One of the things that young children need to learn as they grow up is the concept of ‘Theory of Mind’. This is understanding that other people or children will have different opinions, thoughts, experiences, beliefs, imagination and perceptions than our own. Robert Seyfarth explains a classic ‘Theory of Mind’ experiment in this Youtube video here.
By about 4 years old, children will start to realise that not everyone thinks the same way they do, or that they have the same ideas or motivations. They will be able to understand that they may be hungry, but their friend isn’t. Or that their friends all have different favourite colours.
Theory of Mind is an important concept because it affects behaviour and decision making. For example, without Theory of Mind, I’m unable to understand why my friend is upset when I snatch a toy from them. So if a practitioner’s response to this incident is: “You must say sorry” this is totally meaningless. Sorry for what? From the child’s perspective: I’m happy because I have a toy. I don’t know why my friend is crying.
So you can see how trying to explain kindness to a very young child with no Theory of Mind has some problems.
However, you can help children’s understanding by implementing a few guidelines with them, sometimes called Golden Rules or similar. By encouraging children to consider other’s feelings they will start to develop a Theory of Mind. Things like ‘We have Kind Hands, Kind Feet’ can be a good start to encourage children to think about their actions, but it doesn’t help them to understand the thought process of ‘being kind’.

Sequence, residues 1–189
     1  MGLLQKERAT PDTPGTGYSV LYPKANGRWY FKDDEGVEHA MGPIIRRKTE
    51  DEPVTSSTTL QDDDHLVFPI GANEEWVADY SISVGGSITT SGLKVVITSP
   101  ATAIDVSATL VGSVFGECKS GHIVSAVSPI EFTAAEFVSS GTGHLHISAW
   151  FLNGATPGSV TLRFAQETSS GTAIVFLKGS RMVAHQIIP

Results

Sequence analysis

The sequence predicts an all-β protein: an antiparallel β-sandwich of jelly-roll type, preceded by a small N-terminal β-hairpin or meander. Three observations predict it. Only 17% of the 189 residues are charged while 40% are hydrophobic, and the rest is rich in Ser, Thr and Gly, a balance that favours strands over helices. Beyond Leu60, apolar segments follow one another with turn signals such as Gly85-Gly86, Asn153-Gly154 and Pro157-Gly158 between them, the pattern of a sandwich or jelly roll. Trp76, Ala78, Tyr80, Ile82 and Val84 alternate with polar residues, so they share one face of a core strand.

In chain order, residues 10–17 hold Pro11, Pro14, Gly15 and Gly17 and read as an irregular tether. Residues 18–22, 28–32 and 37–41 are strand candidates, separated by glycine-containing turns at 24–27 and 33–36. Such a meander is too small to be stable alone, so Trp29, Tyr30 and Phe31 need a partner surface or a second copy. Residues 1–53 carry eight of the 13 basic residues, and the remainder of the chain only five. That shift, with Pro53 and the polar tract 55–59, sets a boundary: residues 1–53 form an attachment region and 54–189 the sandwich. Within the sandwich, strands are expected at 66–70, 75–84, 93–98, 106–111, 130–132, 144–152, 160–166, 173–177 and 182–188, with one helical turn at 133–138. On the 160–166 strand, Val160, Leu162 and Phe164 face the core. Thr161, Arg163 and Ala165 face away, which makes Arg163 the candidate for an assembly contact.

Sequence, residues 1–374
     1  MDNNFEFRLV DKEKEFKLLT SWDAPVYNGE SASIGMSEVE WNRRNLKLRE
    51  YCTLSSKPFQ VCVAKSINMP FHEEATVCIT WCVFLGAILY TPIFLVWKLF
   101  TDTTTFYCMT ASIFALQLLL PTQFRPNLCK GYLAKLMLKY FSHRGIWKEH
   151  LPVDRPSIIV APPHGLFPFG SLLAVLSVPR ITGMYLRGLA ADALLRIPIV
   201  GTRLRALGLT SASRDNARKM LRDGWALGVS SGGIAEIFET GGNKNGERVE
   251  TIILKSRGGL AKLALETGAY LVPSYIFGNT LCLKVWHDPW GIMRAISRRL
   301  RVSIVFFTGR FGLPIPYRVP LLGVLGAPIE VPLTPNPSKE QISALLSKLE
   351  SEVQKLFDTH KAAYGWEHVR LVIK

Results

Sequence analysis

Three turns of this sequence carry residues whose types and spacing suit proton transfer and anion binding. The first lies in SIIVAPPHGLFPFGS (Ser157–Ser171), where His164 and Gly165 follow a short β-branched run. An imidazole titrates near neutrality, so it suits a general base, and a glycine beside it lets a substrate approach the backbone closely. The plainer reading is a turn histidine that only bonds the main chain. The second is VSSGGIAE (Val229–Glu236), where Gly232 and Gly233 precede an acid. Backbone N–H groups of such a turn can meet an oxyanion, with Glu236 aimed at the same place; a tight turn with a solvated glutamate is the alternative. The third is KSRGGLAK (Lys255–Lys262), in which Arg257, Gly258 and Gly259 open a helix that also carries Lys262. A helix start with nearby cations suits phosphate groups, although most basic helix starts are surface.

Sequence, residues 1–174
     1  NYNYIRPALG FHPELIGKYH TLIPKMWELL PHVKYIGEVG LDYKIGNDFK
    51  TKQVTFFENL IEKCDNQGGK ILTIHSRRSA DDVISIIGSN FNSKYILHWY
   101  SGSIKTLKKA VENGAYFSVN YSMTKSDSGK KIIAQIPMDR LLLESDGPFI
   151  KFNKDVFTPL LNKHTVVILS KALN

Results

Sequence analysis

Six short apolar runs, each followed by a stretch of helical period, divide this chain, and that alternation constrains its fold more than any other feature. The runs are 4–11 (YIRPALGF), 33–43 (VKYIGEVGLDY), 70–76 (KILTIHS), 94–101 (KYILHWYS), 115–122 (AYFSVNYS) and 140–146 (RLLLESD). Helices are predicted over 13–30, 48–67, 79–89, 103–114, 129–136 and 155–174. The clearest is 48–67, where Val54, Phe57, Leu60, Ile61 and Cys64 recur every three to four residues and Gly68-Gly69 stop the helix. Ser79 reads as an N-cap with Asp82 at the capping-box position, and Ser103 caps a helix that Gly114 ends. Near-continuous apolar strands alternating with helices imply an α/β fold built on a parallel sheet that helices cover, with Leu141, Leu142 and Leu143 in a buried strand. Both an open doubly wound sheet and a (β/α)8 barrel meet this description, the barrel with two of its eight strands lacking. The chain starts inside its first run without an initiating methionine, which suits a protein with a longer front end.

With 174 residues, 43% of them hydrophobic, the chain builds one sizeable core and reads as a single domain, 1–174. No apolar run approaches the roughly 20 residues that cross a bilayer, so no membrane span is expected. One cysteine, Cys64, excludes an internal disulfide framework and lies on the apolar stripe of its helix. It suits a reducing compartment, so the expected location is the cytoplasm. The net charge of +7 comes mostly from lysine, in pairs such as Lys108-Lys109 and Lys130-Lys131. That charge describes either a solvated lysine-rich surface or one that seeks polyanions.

This is one of the reasons that I really like the Yoginis ‘Kind Hearts, Kind Words, Kind Thoughts’ mantra. By encouraging children to think about their actions first, you are encouraging them to consider the other person’s feelings, consequences of actions and their own motivation.
The ‘Kind Words’ is especially interesting, as it is unusual to find rules that include this, but we know that the language we use and the way we speak to people can be harmful too. However, children still have to learn this and, depending on their role models, this may be a difficult thing to learn.
Talking about role models, it is fairly well understood that children will imitate what they see, rather than what they are told. Bandura’s research into ‘learnt behaviours’ using a ‘Bobo Doll’ can be seen here.
So, explaining kindness to children can be achieved in two ways:
- Clear guidelines for children to help them understand Theory of Mind i.e. that others have feelings. Followed byways of implementing this i.e. playing together in ways that meet typical social norms.
- Being good role models, by making sure that we use kind words ourselves and that our actions are always thoughtful.
You can watch Sue Hartley and Katie Brennan of Yoginis explain their more of these concepts along with their ethos, activities and Yoga sessions in their interview on Early Years TV here.
You can watch this Early Years TV Episode as a EYTV Premium Member at any time.